I also ordered the Harvey cast iron router table extension wing, compass router fence and the router table dust collection box. All of which are absolutely top notch design, manufacturing and execution. I am definitely impressed with their products so far.

  8. #53
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    I wonder, Jim, if wrapping the duct in blanket type duct wrap would quiet things down? Someone here has to have done that.

  9. #54
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    Quote Originally Posted by Jack Frederick View Post
    I wonder, Jim, if wrapping the duct in blanket type duct wrap would quiet things down? Someone here has to have done that.
    I don't recall anyone doing that, but I guess it's possible and might slightly reduce noise.
    -----

    I will make one very strong recommendation to buyers of the G700 who are installing with duct work. I've previously mentioned the grid in the G700 inlet that is there to protect the blower/impeller from larger debris and how it's possible to clog it, particularly when jointing/planing certain materials. I'm not going to portray this as a design defect because it has a very specific and worthy purpose, but you must plan for it and make your connections in a way that you can easily "get to" the inlet to remove any caught debris. If one is using quick connect metal duct like I am, then it's pretty simple and easy to release a couple of clamps to do the deed and easy to reassemble afterward. If you are using other forms of duct (non-quick connect metal or PVC) be sure to build in a way to have a removable short section of duct to allow for this maintenance. I'm actually thinking this is a great application for something using flanges with strong magnets. You could also put a large wye right at the unit with a removable cap on the branch which is only there so you can reach in and grab whatever was caught by the screen.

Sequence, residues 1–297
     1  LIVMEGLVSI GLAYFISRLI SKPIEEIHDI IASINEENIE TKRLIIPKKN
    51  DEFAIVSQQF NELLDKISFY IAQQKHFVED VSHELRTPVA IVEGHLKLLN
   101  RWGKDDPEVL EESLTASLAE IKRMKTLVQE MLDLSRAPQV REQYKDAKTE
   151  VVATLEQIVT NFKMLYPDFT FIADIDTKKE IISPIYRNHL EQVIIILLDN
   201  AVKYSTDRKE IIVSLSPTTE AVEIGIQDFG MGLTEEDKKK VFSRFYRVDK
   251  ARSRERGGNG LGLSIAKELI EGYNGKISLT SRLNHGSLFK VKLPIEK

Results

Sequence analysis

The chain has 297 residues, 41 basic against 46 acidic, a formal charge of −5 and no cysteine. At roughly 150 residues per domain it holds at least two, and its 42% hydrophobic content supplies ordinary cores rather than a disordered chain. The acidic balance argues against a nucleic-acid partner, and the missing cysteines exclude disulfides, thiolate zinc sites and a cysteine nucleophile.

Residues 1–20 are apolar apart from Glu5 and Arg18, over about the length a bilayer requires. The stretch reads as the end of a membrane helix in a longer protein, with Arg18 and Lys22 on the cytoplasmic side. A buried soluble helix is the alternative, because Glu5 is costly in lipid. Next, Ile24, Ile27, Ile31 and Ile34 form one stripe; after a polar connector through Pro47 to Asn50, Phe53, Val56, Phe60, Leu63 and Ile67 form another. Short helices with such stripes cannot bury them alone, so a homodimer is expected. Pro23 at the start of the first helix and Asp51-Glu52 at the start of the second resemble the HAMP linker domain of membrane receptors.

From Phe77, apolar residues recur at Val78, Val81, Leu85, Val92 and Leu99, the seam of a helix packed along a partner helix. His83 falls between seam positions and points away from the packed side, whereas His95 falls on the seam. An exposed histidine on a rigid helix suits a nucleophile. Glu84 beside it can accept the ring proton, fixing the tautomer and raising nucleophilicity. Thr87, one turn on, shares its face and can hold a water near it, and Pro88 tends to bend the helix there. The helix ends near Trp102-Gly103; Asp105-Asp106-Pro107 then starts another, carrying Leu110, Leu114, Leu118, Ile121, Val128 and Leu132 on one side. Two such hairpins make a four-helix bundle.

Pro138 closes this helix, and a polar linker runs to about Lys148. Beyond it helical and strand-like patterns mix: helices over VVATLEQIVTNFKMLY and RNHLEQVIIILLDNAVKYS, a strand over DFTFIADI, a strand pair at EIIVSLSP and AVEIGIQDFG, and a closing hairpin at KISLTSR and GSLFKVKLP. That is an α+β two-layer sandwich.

--

    The most expensive tool is the one you buy "cheaply" and often...

  10. #55
    Quote Originally Posted by Ezra Wheeler View Post
    The biggest challenge I see in the machine is orienting it so that the ductwork makes the most sense for the space. I wish they would have at least allowed for the intake port to be on any one of the sides opposite the filters. That would allow for more options in configuring the machine.
    That was my problem. I didn't have a way to orient it in my shop. I was bummed, because I have a two other Harvey tools and am happy with them.

  11. #56
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    Quote Originally Posted by Clifford McGuire View Post
    That was my problem. I didn't have a way to orient it in my shop. I was bummed, because I have a two other Harvey tools and am happy with them.
    This is a real challenge...the inlet orientation left me with exactly two potential places to put the DC in my new shop building. But thinking about it, about the only way it could be changed to be more flexible in that respect would be having the inlet on top and that is then counter to the idea of a compact unit that can live under other things if needed. I believe that Harvey designed this beast to be more compatible with being mobile than stationary as it helps to mitigate the balance between lower sound levels (a primary goal) and CFM. (impressive, but less than the big cyclones)
    --

    The most expensive tool is the one you buy "cheaply" and often...

  12. #57
    Quote Originally Posted by Clifford McGuire View Post
    That was my problem. I didn't have a way to orient it in my shop. I was bummed, because I have a two other Harvey tools and am happy with them.
    We are still working out the configuration and potentially trying to move it into another room in the shop. We wired it up with our twist lock plug of choice and turned it on. I can say that I was not pleasantly surprised by the noise level of the machine. This was without any duct work in place but it still was substantially louder than I was expecting based on the youtube reviews I watched. I will break out a decibel meter and test it again. I expect it to be quieter when ducted and hopefully substantially so. I will say the quality of construction is very high and the unit is very very mobile. It's a near 450lb machine but it moves as if it weighs a third of that. I have the Harvey router fence and table saw extension wing that I am adding to my new Delta Unisaw TS and I am still setting that all up but I am totally blown away by the design and construction of the parts.